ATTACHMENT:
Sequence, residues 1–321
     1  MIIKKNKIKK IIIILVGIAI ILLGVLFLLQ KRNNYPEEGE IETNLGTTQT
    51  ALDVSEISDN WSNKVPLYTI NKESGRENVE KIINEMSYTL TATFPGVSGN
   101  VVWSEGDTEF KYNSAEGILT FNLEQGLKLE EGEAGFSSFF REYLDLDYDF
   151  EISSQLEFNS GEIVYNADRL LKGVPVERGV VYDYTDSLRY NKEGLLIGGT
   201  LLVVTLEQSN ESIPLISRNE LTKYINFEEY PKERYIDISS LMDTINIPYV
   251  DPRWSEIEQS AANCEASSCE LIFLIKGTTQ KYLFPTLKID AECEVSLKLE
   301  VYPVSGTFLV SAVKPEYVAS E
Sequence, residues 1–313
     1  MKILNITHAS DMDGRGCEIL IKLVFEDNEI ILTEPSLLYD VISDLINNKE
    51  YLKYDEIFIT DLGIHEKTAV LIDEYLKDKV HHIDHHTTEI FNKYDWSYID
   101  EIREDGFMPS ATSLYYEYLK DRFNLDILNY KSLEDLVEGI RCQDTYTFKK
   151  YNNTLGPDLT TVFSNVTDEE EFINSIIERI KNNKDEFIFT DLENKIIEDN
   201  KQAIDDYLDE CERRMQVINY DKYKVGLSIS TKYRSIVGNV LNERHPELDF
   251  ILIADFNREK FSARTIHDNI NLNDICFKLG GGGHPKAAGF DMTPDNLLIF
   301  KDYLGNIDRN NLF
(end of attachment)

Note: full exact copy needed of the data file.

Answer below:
Sequence, residues 1–321
     1  MIIKKNKIKK IIIILVGIAI ILLGVLFLLQ KRNNYPEEGE IETNLGTTQT
    51  ALDVSEISDN WSNKVPLYTI NKESGRENVE KIINEMSYTL TATFPGVSGN
   101  VVWSEGDTEF KYNSAEGILT FNLEQGLKLE EGEAGFSSFF REYLDLDYDF
   151  EISSQLEFNS GEIVYNADRL LKGVPVERGV VYDYTDSLRY NKEGLLIGGT
   201  LLVVTLEQSN ESIPLISRNE LTKYINFEEY PKERYIDISS LMDTINIPYV
   251  DPRWSEIEQS AANCEASSCE LIFLIKGTTQ KYLFPTLKID AECEVSLKLE
   301  VYPVSGTFLV SAVKPEYVAS E
Sequence, residues 1–313
     1  MKILNITHAS DMDGRGCEIL IKLVFEDNEI ILTEPSLLYD VISDLINNKE
    51  YLKYDEIFIT DLGIHEKTAV LIDEYLKDKV HHIDHHTTEI FNKYDWSYID
   101  EIREDGFMPS ATSLYYEYLK DRFNLDILNY KSLEDLVEGI RCQDTYTFKK
   151  YNNTLGPDLT TVFSNVTDEE EFINSIIERI KNNKDEFIFT DLENKIIEDN
   201  KQAIDDYLDE CERRMQVINY DKYKVGLSIS TKYRSIVGNV LNERHPELDF
   251  ILIADFNREK FSARTIHDNI NLNDICFKLG GGGHPKAAGF DMTPDNLLIF
   301  KDYLGNIDRN NLF